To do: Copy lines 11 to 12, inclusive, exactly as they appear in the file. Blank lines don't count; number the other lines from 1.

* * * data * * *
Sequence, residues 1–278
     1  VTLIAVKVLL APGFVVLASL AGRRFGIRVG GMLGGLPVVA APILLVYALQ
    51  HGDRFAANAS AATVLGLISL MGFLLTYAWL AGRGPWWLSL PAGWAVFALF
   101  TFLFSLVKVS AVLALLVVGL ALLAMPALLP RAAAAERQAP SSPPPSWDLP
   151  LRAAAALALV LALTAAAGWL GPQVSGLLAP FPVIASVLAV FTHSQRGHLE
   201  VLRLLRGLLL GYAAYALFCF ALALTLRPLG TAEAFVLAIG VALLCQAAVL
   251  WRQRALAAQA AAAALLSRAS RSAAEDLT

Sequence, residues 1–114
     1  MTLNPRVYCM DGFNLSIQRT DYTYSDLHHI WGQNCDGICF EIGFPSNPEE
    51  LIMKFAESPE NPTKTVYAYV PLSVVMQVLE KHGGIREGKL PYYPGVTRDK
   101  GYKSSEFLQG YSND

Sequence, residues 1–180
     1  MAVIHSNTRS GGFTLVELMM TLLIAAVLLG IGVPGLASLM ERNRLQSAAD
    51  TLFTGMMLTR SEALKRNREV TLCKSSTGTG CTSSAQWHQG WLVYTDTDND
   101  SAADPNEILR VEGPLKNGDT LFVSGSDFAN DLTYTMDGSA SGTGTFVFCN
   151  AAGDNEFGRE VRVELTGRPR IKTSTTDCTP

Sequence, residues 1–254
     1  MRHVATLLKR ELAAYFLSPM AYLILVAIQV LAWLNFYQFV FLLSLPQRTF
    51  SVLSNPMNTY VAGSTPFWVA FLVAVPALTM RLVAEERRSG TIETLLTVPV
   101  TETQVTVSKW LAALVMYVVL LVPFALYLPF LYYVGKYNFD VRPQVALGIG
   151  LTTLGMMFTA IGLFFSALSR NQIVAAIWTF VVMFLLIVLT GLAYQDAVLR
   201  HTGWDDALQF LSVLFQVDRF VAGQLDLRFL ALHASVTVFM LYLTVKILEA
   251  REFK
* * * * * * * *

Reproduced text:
   101  GYKSSEFLQG YSND

Sequence, residues 1–180